Tuesday, September 10, 2013

Wages, Taxes, and the Mid-Sized Business

As we move closer to the next General Session this winter, we should get a better idea about what compromise, if any, may be struck in Annapolis between the seemingly disparate policy proposals of raising the minimum wage and lowering the corporate tax rate.  While no bill has been drafted, early discussions have suggested that a raise in the minimum wage be tied to lowering corporate taxes as a compromise.  The Baltimore Sun has already come out in favor of raising the minimum wage, no strings attached.

It seems the presumption for this "compromise" is that the presumed financial burden of a higher minimum wage will be on corporations.  The logic is as follows: To the extent Maryland is looking to draw big companies to Maryland, it will need to ameliorate the disincentive of higher personnel costs.  That makes perfect sense...until you think about 1) the nature of commercial growth in America today, and 2) goal-setting for capturing high quality jobs in Maryland.

As for the first, I've spoke with numerous people in the commercial sector who have all said pretty much the same thing:  Maryland should stop trying for home runs and pay more attention to the singles.  By that they mean most large corporates are fairly well rooted where they are located and, for many of them, their current location was chosen early on in their formation.  Silicon Valley wasn't created due to California's tax rate.  It was the perfect primordial stew for growing America's tech sector.  In searching out, and promoting, "singles", Maryland policy should do more for mid-size businesses, often those that started in Maryland, to meet their needs, lessen their tax burden, and offer opportunities for growth.  An across the board corporate tax cut may do this incidentally, but it will not be of direct benefit to these target businesses, which may have something different than a straight up corporate structure.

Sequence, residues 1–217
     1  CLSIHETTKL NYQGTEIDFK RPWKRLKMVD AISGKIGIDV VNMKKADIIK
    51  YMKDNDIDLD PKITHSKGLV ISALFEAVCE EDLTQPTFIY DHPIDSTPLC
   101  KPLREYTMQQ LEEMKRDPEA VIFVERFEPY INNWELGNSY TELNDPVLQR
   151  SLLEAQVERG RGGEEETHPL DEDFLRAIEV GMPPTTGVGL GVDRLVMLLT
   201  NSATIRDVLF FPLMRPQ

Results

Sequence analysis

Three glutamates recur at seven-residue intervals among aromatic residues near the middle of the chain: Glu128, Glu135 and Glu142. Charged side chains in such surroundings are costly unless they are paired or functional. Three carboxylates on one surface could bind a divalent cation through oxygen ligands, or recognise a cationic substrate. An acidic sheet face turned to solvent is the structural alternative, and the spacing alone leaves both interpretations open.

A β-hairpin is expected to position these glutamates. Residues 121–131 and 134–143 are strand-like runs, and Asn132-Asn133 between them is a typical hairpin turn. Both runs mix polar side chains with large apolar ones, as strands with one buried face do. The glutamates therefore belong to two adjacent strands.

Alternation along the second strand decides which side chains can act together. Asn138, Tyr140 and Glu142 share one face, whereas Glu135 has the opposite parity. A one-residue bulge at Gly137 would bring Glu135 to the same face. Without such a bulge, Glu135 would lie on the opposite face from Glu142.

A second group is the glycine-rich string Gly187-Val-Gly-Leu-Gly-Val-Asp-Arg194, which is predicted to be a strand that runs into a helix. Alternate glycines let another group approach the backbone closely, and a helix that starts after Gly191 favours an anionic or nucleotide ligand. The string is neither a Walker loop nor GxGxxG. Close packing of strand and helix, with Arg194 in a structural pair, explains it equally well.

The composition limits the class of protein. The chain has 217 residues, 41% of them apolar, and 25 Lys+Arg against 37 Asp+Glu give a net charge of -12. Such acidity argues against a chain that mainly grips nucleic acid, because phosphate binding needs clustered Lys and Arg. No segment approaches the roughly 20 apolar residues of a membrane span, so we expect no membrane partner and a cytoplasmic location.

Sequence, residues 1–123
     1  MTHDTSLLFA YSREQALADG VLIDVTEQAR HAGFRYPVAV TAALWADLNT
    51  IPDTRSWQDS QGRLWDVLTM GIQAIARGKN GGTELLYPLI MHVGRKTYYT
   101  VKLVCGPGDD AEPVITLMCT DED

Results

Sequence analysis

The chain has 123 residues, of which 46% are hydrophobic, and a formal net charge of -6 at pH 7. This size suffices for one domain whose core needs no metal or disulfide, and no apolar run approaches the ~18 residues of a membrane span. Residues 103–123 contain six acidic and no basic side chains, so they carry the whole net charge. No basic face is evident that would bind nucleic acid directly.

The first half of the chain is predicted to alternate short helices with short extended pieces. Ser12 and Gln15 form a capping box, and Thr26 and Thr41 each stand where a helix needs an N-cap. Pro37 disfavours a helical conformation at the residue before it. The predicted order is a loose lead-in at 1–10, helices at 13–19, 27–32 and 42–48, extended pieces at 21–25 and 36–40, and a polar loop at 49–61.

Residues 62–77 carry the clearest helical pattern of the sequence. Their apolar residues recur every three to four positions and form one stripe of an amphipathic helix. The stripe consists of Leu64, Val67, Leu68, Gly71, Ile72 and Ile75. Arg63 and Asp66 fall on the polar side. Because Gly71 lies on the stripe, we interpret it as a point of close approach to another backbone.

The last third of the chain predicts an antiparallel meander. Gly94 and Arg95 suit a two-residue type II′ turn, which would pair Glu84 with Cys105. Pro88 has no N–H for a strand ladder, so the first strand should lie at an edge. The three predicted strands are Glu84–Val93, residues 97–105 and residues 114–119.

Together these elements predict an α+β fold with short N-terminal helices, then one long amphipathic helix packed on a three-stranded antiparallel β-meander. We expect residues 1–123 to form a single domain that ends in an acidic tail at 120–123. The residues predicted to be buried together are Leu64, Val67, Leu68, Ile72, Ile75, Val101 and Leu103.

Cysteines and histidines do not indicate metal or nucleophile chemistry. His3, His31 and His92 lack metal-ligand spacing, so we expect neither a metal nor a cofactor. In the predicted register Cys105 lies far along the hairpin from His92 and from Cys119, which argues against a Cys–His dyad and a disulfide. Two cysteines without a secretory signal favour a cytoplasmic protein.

Second, we need to have a discussion about "jobs".  What jobs do we want to attract?  During the 2012 elections, we were treated to news of the "Texas Jobs Miracle" as the foundation of Governor Rick Perry's run for the White House.  Critics of Gov. Perry, such as left-sided economist Paul Krugman, suggested that this was empty job growth, pointing out that the median wage for Texas was under-performing those states with smaller job growth:
(Credit: Paul Krugman, NY Times)

(Contra: That's it dummy.  Lower wages mean higher "at-least-you-have-a" job growth.)

In this context, if Maryland is focused on attracting corporations that offer good jobs at good wages, the minimum wage/corporate tax rate compromise would appear to be meaningless.  The target corporations are already offering a living wage (or higher) and legislation prompting them to do the same is below that floor.  This is the argument of the right: a lower corporate tax rate will attract good jobs and make legislating wages unnecessary.  This argument presumes those corporations are mobile and that there is some proven relation between lower taxes and wages, both of which I think are hard to prove.

But the one thing this compromise proposal completely ignores is the middle.  What are we doing for small and mid-sized businesses that have smaller margins and will be hit the hardest by a minimum wage increase?  I find it unlikely that any corporate tax cut will be sufficient to off-set new costs for these businesses and that more specified relief, such as cuts to small business commercial property taxes, need to be prioritized over more generalized tax cuts.

That's all for today.  Have a great Tuesday doing what you love.